When one has anything delivered, it is very important to determine which cat gets the first turn in the box.

You know how Dave Barry used to write about his main and auxiliary dogs? says we have a main cat, auxiliary cat and Padawan learner.

In our house, the box cat is usually Cinnamon, who has to sniff all intruders as if she's not sure who they are.

Fortunately for Cinnamon and her box, Rosie is easily distracted by food. And Daisy is busy waiting her turn.

Plus, everyone can be distracted by a noise from the next room.

Sharing the couch is just as difficult... never know when you might have to POUNCE!

Please vote for Daisy in The 3rd Annual World's Coolest Dog & Cat Show!

: Who got the fresh-e-freshy?
1. What is sweet?
Baskin Robbins German Chocolate Cake ice cream, which I was privileged to eat tonight.
2. What hours do you work? Flexible ones. Which I love. And would like to keep. Just a few more per day for more consistent pay.
3. When do you relax? When a cat falls asleep smushed against my leg.
4. How did you learn about the birds and the bees? Hahaha, my mother explained it to me when I was three and she was pregnant with my sister. Then I concluded that my aunt and uncle, who didn't have any children yet, must not know how, so I explained it to them.
5. Friday fill-in: The good vibes flow ____. The good vibes, east?

: Halloween
1. If you're dressing up (yourself or your kids) for Halloween, who are you/they going to be?
I'm putting on my witch's hat and cloak. One of my sons is going as a penguin, the other as a nerd.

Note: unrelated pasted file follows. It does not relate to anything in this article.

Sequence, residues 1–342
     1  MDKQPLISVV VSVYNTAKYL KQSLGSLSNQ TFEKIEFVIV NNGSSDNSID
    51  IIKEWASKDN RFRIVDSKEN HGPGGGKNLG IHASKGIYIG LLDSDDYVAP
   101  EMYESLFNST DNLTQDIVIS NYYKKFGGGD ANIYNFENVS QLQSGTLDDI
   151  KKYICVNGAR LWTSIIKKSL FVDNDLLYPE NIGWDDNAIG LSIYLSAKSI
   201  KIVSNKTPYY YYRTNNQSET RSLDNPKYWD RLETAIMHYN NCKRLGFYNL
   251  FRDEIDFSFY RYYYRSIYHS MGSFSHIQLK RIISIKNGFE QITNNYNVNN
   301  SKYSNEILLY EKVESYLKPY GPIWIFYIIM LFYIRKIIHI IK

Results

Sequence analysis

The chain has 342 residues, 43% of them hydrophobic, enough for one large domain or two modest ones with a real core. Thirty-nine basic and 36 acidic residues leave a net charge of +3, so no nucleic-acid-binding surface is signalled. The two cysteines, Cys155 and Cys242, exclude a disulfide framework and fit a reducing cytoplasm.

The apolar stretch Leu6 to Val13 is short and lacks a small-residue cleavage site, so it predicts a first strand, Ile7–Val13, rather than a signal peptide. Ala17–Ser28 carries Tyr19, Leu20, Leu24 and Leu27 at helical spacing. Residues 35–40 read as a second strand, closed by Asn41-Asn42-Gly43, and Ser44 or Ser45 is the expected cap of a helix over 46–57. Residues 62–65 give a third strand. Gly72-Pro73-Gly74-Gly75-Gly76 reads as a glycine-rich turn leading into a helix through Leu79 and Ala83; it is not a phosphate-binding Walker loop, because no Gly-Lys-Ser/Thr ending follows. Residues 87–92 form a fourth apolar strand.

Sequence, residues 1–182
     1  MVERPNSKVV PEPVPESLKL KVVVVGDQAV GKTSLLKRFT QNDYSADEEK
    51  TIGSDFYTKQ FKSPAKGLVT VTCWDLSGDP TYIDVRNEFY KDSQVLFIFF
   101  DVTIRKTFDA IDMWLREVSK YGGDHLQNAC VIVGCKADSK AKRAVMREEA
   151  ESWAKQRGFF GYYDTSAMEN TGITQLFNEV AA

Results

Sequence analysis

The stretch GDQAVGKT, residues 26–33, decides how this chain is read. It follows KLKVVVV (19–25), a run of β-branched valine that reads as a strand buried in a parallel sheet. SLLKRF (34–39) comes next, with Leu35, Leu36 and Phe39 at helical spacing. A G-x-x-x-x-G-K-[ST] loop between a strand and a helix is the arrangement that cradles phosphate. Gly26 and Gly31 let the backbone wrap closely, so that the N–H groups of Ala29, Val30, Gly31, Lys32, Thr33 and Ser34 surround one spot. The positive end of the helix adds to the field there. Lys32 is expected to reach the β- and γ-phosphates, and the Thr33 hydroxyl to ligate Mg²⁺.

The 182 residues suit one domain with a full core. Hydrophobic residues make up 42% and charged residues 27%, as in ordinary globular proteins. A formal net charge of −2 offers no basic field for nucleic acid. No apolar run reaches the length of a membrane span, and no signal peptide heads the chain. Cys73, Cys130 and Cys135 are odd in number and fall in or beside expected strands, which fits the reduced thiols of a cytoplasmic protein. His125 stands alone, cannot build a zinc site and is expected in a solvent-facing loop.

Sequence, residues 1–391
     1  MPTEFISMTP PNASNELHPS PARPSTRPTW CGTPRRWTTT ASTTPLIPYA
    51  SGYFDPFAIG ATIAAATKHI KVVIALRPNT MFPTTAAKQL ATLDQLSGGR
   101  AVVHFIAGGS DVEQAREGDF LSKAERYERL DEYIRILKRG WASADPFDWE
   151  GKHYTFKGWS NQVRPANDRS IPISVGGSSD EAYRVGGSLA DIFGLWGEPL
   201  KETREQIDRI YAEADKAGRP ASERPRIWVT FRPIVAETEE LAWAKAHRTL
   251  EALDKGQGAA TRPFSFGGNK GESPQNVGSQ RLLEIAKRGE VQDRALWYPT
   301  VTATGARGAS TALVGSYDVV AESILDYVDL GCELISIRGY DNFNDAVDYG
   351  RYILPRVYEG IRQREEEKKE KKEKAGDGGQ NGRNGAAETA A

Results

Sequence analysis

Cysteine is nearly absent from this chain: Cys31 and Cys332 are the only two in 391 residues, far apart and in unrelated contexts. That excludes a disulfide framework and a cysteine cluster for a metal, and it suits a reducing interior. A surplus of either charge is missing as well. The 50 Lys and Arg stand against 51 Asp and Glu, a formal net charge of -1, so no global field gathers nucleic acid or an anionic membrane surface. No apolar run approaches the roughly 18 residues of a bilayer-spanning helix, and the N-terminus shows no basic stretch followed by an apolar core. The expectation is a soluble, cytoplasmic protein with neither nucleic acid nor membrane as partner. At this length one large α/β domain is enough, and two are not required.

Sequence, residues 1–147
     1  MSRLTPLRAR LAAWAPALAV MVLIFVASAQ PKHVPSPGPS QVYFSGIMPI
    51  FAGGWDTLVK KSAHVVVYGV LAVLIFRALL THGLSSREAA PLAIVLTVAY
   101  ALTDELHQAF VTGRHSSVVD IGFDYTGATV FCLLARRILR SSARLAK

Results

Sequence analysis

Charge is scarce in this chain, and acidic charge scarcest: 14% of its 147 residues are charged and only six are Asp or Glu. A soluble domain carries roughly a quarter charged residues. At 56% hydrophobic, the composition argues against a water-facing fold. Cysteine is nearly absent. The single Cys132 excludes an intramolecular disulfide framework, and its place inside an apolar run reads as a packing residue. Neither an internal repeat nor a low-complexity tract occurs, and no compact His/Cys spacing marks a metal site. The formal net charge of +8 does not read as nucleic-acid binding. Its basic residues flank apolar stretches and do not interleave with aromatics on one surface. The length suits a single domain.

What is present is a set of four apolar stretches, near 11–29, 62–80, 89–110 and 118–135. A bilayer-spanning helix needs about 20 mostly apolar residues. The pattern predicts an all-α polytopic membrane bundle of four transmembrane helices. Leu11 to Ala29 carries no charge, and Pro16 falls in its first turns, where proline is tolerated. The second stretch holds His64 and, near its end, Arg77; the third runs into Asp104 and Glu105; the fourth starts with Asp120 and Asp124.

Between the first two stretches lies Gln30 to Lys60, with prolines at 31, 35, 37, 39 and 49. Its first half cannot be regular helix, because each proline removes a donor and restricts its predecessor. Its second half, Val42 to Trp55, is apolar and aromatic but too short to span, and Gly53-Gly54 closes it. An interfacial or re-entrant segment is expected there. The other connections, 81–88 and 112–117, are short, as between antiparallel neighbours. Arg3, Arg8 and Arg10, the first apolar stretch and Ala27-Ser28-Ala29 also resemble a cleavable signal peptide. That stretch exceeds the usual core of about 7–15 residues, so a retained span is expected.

2. Handmade costumes or store-bought? The penguin is handmade, the rest is gathered from things we already owned.
3. What age did you last go trick-or-treating? My friend Hildy had a sister who was ten years younger, so we used her as an excuse to go trick or treating well into high school.
4. Have you ever egged someone's house on Halloween, or done any other such "trick"? No.
5. Do you believe in ghosts? Not in the sense of coherent spirits of the dead.

: What are the 5 creepiest or most frightening pieces of fan fiction you have ever read? I don't really enjoy creepy or frightening fic, so I don't remember titles. There was one where Lupin thought he had killed Seamus while he was a werewolf. There was one where Snape killed Harry so he could convince Voldemort that he had done it for him and keep on fighting. There were a few where Boromir came back all wrong as a ghost. There were several about how Lex brought around the end of the world. There was one where Bashir was in love with Keiko, not Miles.

Plans Saturday depend on the weather, and how wet the ground is even if the air is dry!

Friday, October 26, 2007

Get Critical Update

TV Review: Star Trek: The Next Generation's "The Outrageous Okona"


  • 15:55 Had lunch with gblvr. Not quite free of Trek news yet...trying to write some. #